East York Mirror
A controversial air rail link connecting Union Station to Pearson Airport could have been electrified in time for 2015, an official for Metrolinx has confirmed.
But Karen Pitre said that won't happen as the Georgetown rail corridor is still dependent on an ongoing environmental assessment as well as a funding guarantee from the provincial government.
The EA is expected to be completed by 2014. If after that electrification on the Georgetown line is approved, and funded, conversion from diesel would take three years to complete.
Pitre, director of electrification for the provincial transit planning agency, was part of a contingent of Metrolinx officials presenting an update to residents at the Lithuanian House on Bloor Street West on Wednesday, June 27, evening.
"If we have an approved EA and funding, electrification can be done, said Pitre. "We don't have either at this moment."
The current plan when the link is completed would result in three times the number of GO diesel trains already running through the corridor. That's a major source of concern for resident Tony Laviola, who worries about increased exposure to carcinogens.
"We're going to wind up with all kinds of health problems related to diesel," said Laviola. "It's a bad decision for the people, and especially the children, who live in the corridor."
At the meeting, Metrolinx presented a 25-minute update on the electrification study it is devising with the assistance of an internationally renowned consulting company which has implemented electric rail across the world.
But the audience of around 70 people filling up nearly every seat inside the Lithuanian House, demonstrated restlessness while Kevin Gore from Parsons Brinckerhoff reviewed highly technical aspects of the study.
"We're not interested in hearing how the screws go in on a train," said MPP Jonah Schein to sustained applause.
Federal MPs Peggy Nash and Andrew Cash were also in attendance.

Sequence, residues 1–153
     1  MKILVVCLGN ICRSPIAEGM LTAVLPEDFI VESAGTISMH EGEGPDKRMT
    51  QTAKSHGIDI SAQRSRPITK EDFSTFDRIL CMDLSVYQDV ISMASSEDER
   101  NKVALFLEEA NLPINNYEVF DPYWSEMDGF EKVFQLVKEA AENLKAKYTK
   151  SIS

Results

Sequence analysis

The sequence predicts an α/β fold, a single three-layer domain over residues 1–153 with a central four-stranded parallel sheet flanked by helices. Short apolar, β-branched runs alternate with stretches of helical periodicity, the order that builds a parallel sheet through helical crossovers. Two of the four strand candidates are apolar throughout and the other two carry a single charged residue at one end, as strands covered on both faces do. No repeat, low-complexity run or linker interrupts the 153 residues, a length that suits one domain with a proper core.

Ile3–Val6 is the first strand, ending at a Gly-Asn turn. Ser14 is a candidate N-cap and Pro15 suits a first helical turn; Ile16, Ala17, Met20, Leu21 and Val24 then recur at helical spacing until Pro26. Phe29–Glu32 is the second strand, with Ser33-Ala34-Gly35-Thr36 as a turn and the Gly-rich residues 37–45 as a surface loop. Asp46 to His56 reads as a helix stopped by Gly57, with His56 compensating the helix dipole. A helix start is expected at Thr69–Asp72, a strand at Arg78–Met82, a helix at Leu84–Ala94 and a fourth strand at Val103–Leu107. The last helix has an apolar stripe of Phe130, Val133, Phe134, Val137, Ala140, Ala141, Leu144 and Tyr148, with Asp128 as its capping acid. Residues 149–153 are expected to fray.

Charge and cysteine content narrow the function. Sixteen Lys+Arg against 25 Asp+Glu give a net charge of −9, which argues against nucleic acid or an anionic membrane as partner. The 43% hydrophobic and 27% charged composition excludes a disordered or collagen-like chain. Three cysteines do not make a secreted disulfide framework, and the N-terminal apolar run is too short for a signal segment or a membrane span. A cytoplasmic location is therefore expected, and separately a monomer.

Schein, NDP member for Davenport, said he would introduce at private member's motion at Queen's Park in support of electrification of the air rail link in September.
Scott Dobson, who lives in the Junction Triangle, said the revelation from Metrolinx electrification could be completed in time for the Pam Am Games meant the province was out of excuses.
"We've been meeting in this room for five years now," said Dobson. "One thing after another has been proven wrong."
Dobson, who is involved with several local community groups, said he sympathized with Metrolinx's role as messenger for the provincial government.
"They're in an uncomfortable position of having to follow a politically driven agenda," he said.
Cash, who represents Davenport federally as a member of the NDP, said the public meeting organized by Metrolinx was a "snow job", which seemed to present important details about electrification but in actuality intended to deflect crucial questions residents want answered.
"The process of public consultation is used by government to hide behind details," said Cash. "They're flooding us with the minutiae of information but they can't really tell us anything new."
Rick Ciccarelli from the Clean Train Coalition praised those at the meeting for their restraint during the meeting, which was heated at times.
He said Metrolinx should expect some anger from residents.
"There's a difference between hostility and honest anger," said Ciccarelli, co-chair for CTC. "People get honestly angry when they see the way that this has played itself out."
Additional public meetings are required before the completion of the EA and Pitre said she expects to hear more feedback from concerned residents.
"I think there's a lot of anxiety about what's coming, so I respect their opinions," she said.